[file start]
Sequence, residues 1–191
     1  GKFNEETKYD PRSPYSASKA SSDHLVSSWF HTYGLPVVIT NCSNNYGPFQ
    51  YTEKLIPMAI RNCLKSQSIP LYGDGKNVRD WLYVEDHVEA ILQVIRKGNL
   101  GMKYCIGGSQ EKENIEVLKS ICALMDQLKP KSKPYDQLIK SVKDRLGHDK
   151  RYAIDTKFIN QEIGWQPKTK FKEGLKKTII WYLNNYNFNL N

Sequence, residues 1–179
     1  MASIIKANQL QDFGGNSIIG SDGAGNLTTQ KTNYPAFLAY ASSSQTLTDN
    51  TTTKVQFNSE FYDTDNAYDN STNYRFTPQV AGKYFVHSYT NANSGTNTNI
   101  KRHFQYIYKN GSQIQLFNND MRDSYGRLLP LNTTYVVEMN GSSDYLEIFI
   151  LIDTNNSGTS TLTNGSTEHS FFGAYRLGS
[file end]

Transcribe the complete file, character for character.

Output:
Sequence, residues 1–191
     1  GKFNEETKYD PRSPYSASKA SSDHLVSSWF HTYGLPVVIT NCSNNYGPFQ
    51  YTEKLIPMAI RNCLKSQSIP LYGDGKNVRD WLYVEDHVEA ILQVIRKGNL
   101  GMKYCIGGSQ EKENIEVLKS ICALMDQLKP KSKPYDQLIK SVKDRLGHDK
   151  RYAIDTKFIN QEIGWQPKTK FKEGLKKTII WYLNNYNFNL N

Sequence, residues 1–179
     1  MASIIKANQL QDFGGNSIIG SDGAGNLTTQ KTNYPAFLAY ASSSQTLTDN
    51  TTTKVQFNSE FYDTDNAYDN STNYRFTPQV AGKYFVHSYT NANSGTNTNI
   101  KRHFQYIYKN GSQIQLFNND MRDSYGRLLP LNTTYVVEMN GSSDYLEIFI
   151  LIDTNNSGTS TLTNGSTEHS FFGAYRLGS